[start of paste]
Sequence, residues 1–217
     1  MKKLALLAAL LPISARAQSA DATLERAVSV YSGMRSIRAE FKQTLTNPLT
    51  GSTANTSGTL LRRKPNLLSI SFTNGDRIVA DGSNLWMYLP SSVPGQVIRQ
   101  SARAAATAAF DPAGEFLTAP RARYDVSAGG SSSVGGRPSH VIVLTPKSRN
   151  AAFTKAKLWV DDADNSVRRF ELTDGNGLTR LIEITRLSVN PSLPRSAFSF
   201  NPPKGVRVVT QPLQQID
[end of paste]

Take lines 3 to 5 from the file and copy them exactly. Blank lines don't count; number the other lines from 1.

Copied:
    51  GSTANTSGTL LRRKPNLLSI SFTNGDRIVA DGSNLWMYLP SSVPGQVIRQ
   101  SARAAATAAF DPAGEFLTAP RARYDVSAGG SSSVGGRPSH VIVLTPKSRN
   151  AAFTKAKLWV DDADNSVRRF ELTDGNGLTR LIEITRLSVN PSLPRSAFSF